'Atarot, Hizma, Jaba (Lil), Qalandiya, Mon 30.3.09, Afternoon
15:30: The line of cars at Atarot CP was extremely long. We walked along the side of the road to count the number of cars waiting in line but gave up at 130. The line was backed up at least as far as the intersection with Road No. 443. We walked back to the head of the line and reported our findings to the soldiers, but this just made them angry, "what are we supposed to do when there are alerts?" they asked. The soldiers were selectively checking the papers of passing Palestinians and also opening and checking the cargos of trucks. We clocked the time it took one "sample" car to pass at 23 minutes.
16:00 Qalandiya: When we reached Qalandiya there were 9 buses standing in the northern square. Inside the pedestrian CP two passageways were working with only a few people in each line. There was no line at all in the northern shed. At this time of day the DCO offices were closed but we saw a man waiting by the gate holding some medical documents including an invitation to Mukassad Hospital in Jerusalem on Tuesday morning. We called the DCO for him. They spoke to the man and told him to go to the Palestinian DCO in A-Ram.
16:30: We passed through the CP in Passageway No. 4. On emerging on the Jerusalem side, we found 18 men, women and children waiting. They were all upset and told us that their ID's had been confiscated in the passageway and that they had been told to wait outside for their return. They had already been waiting about 20 minutes and were very worried. We phoned the Humanitarian Hotline to demand an explanation, and we phoned Mahdi as well (even though he wasn't on duty at Qalandiya). Suddenly a female soldier accompanied by a security guard appeared and returned all the IDs, passing them through the fence. We asked her what was happening and she explained that they were performing a "routine extra check." It is probably pointless to mention that this "routine" is completely new and in all our years at Qalandiya we have never seen anything like it. A few minutes later the same soldier and her guard reappeared and entered the "command" room of Passageway No. 3. The first "fish" they caught was an old Palestinian woman who didn't speak any Hebrew and couldn't understand why they had taken her ID and not returned it. She was very upset and the soldier in the command room, losing patience with her, began to shout at her and insult her. The situation was very disturbing, especially as we couldn't do anything to help. In the end the woman emerged from the passageway followed by another ten people whose IDs had been taken for the extra routine check. At this point we could explain to them what was going on and give them an estimate of the time they would have to wait. We actually remained there long enough to see the soldier return and distribute the treasured IDs to the waiting crowd. It's hard to understand why everything has to be done with so little sensitivity and so abusively (aside from the fact that that's how occupations work, I guess). Most of the people passing through Qalandiya are just ordinary folk who are not planning any terrorist activities, so why are they treated as criminals?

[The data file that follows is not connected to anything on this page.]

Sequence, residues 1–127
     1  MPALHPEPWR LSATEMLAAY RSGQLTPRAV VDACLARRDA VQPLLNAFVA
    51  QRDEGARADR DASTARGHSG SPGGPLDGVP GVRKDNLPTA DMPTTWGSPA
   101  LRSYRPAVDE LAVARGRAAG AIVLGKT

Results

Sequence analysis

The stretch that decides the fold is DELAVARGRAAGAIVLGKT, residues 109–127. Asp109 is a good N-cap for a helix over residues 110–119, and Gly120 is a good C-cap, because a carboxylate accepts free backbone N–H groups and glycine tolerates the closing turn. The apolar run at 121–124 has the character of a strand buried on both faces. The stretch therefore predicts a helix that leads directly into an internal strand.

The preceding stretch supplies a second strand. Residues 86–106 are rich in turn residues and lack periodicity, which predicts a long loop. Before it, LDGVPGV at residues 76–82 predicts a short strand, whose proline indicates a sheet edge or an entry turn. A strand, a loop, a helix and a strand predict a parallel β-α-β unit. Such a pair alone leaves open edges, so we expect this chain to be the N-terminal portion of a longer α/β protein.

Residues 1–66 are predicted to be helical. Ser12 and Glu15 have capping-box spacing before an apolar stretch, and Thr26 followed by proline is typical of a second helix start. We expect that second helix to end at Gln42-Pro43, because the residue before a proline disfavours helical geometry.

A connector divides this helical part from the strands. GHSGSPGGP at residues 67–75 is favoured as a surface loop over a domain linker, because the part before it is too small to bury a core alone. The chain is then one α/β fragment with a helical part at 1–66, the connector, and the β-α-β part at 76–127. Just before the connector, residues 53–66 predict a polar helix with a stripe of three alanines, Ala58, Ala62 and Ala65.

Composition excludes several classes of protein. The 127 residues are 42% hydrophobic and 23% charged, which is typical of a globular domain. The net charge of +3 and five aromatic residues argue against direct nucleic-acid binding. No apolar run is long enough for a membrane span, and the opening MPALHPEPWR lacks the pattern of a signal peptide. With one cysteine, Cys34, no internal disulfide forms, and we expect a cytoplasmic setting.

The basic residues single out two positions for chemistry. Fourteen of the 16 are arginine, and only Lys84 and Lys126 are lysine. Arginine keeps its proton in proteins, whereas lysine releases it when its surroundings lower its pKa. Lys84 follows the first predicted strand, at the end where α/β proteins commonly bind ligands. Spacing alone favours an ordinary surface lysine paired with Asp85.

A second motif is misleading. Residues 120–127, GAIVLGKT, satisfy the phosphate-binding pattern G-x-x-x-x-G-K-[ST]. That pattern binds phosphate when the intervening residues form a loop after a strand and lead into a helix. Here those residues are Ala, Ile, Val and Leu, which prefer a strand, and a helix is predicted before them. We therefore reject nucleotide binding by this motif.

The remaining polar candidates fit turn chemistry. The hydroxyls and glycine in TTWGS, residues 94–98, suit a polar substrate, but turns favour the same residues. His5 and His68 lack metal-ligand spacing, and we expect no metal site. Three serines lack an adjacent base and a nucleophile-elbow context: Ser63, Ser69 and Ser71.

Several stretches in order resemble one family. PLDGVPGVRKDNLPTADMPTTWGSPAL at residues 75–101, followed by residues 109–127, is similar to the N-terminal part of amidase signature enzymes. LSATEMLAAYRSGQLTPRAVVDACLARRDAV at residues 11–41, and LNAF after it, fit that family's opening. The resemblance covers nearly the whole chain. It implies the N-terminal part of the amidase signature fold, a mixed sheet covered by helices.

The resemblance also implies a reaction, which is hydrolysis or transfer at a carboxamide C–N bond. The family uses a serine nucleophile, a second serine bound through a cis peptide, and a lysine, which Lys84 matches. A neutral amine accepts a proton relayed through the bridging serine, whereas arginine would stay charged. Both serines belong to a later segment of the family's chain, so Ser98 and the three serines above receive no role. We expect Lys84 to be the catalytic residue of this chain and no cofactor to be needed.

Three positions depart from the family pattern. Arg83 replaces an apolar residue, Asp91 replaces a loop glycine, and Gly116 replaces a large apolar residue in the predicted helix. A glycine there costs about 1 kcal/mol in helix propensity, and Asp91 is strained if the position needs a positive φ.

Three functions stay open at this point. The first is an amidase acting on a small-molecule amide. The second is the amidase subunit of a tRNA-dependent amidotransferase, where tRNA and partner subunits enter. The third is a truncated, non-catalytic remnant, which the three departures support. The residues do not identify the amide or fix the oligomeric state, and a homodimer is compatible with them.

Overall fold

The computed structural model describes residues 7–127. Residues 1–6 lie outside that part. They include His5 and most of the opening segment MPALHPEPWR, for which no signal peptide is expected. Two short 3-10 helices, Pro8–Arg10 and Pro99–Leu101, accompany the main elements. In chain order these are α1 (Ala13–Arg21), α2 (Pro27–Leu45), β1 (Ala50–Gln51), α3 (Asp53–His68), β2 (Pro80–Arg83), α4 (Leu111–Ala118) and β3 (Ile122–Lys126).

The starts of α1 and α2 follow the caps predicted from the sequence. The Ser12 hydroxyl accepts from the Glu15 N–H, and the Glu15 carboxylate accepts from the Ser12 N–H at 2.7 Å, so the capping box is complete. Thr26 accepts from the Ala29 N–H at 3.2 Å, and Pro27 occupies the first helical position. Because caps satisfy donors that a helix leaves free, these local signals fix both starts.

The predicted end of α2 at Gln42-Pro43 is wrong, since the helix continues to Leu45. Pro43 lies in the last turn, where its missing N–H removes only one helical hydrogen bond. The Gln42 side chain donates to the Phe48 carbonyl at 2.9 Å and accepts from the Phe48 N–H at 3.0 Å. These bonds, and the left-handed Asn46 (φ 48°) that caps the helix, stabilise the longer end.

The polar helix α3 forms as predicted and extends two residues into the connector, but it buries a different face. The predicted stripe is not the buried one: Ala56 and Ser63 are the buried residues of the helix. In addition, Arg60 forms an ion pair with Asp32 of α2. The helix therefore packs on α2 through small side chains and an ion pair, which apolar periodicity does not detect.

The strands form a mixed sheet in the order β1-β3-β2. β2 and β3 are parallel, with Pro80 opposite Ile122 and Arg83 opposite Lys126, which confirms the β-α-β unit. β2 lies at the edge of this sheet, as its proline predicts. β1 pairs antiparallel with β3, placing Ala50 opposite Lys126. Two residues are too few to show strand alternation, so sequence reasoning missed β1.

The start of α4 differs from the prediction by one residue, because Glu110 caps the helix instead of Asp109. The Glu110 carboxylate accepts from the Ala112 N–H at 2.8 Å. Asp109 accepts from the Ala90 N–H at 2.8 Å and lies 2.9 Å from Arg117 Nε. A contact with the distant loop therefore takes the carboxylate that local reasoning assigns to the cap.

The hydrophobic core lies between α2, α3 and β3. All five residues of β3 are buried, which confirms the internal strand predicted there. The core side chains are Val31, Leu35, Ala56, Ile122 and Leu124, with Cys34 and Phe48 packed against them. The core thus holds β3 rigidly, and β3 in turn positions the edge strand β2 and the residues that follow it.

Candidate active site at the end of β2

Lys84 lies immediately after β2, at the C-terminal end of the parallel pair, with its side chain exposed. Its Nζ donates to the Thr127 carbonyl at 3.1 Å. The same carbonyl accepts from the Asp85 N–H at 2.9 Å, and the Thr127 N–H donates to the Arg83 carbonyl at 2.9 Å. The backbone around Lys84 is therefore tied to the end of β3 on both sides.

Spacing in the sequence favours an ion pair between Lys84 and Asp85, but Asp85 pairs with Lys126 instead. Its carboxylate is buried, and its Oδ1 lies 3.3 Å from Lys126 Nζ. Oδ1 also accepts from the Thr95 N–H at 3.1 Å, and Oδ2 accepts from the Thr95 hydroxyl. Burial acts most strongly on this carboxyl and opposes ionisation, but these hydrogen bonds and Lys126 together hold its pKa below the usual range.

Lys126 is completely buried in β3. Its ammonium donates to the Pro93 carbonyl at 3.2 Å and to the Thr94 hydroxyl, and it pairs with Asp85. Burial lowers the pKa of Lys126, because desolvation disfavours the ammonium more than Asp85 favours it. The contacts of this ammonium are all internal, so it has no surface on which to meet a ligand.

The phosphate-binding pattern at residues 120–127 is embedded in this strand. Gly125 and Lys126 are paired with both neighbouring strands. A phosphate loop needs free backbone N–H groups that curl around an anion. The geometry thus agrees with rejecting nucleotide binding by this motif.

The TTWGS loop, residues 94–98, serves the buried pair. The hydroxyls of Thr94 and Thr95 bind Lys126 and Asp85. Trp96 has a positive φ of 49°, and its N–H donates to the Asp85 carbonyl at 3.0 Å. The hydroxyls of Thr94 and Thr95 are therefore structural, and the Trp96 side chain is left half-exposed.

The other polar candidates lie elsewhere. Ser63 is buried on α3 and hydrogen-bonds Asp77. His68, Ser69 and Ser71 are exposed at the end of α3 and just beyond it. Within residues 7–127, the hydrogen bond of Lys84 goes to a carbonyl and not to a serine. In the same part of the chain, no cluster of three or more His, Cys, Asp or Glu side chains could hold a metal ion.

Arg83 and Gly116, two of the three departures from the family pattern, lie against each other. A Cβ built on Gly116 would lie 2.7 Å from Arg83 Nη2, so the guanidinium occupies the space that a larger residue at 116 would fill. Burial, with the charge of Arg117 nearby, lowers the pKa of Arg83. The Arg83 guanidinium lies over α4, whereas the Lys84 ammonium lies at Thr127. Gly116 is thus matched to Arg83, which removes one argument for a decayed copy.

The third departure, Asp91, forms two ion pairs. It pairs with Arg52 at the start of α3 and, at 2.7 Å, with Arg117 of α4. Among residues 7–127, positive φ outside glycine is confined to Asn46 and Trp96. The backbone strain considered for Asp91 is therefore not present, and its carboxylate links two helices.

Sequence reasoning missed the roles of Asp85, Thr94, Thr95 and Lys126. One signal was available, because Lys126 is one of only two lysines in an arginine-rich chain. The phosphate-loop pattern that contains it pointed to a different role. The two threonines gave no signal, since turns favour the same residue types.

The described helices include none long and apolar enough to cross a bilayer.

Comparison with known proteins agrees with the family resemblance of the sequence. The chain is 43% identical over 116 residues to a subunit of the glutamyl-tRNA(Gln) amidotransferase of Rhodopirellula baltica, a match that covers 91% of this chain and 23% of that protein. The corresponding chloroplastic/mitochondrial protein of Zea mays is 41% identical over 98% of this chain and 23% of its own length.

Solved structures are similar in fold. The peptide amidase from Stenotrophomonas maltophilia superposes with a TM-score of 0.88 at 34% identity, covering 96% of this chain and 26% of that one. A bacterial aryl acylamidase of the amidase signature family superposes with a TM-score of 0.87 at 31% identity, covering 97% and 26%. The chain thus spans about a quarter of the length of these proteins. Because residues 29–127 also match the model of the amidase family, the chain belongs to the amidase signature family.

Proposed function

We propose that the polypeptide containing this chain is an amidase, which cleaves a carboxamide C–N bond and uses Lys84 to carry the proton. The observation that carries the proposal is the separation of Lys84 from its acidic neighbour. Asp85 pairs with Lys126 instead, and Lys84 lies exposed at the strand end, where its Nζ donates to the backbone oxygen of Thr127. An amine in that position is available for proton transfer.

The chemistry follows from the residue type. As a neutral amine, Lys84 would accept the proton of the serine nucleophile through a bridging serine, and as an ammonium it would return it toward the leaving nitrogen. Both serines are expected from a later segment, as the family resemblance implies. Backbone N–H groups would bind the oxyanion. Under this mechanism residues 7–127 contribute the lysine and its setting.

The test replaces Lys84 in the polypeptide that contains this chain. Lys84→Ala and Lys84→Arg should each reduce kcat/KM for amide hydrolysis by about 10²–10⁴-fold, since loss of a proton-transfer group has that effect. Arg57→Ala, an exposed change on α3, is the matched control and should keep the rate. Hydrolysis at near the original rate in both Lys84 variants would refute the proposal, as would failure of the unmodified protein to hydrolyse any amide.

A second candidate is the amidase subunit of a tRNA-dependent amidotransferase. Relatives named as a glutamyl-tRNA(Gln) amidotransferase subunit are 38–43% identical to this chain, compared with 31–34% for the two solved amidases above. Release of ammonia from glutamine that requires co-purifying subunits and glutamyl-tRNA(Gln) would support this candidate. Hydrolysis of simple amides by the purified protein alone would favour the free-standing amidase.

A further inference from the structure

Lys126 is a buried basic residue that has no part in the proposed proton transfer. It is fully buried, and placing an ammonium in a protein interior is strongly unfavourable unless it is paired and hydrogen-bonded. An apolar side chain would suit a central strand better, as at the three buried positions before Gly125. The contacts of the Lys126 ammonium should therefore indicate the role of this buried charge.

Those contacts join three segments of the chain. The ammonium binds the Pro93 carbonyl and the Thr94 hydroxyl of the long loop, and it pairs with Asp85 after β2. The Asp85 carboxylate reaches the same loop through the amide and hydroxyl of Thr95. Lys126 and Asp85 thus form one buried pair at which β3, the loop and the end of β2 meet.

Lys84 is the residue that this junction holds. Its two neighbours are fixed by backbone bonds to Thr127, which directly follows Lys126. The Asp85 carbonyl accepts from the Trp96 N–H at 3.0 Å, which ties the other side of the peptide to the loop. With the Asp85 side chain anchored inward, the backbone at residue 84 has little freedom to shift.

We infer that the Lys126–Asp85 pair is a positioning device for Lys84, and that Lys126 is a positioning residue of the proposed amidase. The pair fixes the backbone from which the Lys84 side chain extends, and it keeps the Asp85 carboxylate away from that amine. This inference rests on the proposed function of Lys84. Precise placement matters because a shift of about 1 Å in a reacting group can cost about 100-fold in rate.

By the way, Mahdi explained to us that the extra check was performed because Monday was "Land Day" for the Palestinians.
16:46: We went through to the vehicle CP once again. We could see from the distance that the line of cars at Atarot CP still reached beyond the horizon. At Qalandiya, the line of cars going to Ramallah was backed up half back to Atarot CP. Six buses were standing in the northern square, waiting to pass through the CP and pick up the passengers they had discharged.
17:20: We left Qalandiya and returned to Jerusalem via Lil and Hizmeh. There were no lines at Lil, but selective checks were being made on the transits (small passenger vans)..